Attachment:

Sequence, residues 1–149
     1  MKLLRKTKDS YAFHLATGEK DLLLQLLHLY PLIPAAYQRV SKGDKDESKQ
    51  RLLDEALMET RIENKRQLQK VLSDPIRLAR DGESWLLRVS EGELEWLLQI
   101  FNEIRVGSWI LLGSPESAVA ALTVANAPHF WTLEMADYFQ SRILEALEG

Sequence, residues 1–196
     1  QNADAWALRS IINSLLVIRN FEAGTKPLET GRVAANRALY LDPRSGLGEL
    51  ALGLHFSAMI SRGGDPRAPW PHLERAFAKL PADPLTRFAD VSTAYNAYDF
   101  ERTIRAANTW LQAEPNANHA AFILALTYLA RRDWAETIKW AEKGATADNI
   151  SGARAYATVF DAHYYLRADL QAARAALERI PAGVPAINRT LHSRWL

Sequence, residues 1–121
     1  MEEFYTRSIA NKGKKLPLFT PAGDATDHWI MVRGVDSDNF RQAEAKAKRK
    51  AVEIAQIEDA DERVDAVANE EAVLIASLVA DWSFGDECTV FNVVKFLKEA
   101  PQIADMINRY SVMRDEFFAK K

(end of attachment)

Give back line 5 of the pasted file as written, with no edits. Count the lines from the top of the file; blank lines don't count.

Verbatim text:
Sequence, residues 1–196